Title: Exploring differences in macroinvertebrate communities from emergent, floating-leaved and submersed vegetation in shallow ponds
Authors: Van de Meutter, Frank ×
Cottenie, Karl
De Meester, Luc #
Issue Date: 2008
Publisher: E schweizerbartsche verlags
Series Title: Fundamental and applied limnology vol:173 issue:1 pages:47-57
Abstract: An important driver of biodiversity is habitat structural complexity: more complex habitats generally contain more species. A good measure of habitat complexity therefore could be a strong tool predict habitat biodiversity. In this pilot study, we test the significance of the classification of aquatic macrophytes that have similar complexity and shape into vegetation types (Emergent: Phragmites, Typha; Floating-Leaved Nymphaeidae: Nuphar: Submersed: potamogeton, Utricularia) to explain macroinvertebrate community structure. Macroinvertebrate abundance and family richness increased from floating-leaved Nuphar to emergent and submersed vegetation. Family richness corrected for abundance did not differ among the vegetation types, possibly due to the small subsamples, but larger stands of Nuphar were needed to reach similar total richness. Six families that significantly differentiated between the vegetation types were associated with submersed and emergent vegetation. Vegetation type explained similar to 21% of the variation in macroinvertebrate community structure within a period, and performed better than any other classification of macrophyte species in explaining variation. Thus, if these results stand generalization in space and time, vegetation type can be a fast and practical indicator of a pond's invertebrate density, and probably diversity.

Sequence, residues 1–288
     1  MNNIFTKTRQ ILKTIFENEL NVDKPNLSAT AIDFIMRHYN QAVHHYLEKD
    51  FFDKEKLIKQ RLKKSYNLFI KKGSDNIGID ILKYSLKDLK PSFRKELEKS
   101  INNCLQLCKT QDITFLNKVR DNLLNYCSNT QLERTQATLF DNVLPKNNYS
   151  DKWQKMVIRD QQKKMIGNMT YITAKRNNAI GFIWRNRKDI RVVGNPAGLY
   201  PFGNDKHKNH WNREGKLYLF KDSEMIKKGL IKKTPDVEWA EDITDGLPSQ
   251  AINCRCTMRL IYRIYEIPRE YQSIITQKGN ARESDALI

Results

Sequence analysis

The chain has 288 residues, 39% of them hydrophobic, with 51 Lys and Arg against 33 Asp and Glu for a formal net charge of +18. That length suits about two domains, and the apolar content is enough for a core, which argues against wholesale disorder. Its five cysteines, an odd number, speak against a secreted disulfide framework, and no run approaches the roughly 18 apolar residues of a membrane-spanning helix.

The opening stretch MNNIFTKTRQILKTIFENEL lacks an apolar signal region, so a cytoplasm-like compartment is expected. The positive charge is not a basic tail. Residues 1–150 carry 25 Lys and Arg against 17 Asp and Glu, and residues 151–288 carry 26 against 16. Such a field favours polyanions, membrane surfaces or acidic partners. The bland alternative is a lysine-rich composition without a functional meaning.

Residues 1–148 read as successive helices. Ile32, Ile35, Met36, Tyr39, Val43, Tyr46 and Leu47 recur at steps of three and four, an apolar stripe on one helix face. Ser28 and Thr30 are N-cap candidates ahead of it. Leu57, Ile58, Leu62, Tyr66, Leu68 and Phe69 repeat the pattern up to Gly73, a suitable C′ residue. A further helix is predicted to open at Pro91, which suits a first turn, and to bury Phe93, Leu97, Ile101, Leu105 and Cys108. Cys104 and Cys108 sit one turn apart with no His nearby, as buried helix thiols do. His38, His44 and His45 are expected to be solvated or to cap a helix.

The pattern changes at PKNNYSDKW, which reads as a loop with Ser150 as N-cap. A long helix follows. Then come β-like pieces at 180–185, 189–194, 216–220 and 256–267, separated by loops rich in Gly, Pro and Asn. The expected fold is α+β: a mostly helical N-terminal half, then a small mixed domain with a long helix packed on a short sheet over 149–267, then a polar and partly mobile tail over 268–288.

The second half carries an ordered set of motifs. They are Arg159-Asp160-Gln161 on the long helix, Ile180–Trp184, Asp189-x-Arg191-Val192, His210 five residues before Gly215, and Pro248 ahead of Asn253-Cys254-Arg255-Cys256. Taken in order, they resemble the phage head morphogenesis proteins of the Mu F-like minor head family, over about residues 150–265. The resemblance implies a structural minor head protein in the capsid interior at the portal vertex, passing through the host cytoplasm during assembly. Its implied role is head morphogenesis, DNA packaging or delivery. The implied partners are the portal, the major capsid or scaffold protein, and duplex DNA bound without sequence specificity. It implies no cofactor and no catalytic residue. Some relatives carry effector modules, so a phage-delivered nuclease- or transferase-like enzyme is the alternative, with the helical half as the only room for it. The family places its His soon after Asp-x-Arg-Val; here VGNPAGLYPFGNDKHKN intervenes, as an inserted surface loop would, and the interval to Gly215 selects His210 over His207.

ISSN: 1863-9135
Publication status: published
KU Leuven publication type: IT
Appears in Collections:Ecology, Evolution and Biodiversity Conservation Section
Laboratory for Aquatic Ecology and Evolutionary Biology (-)
× corresponding author
# (joint) last author

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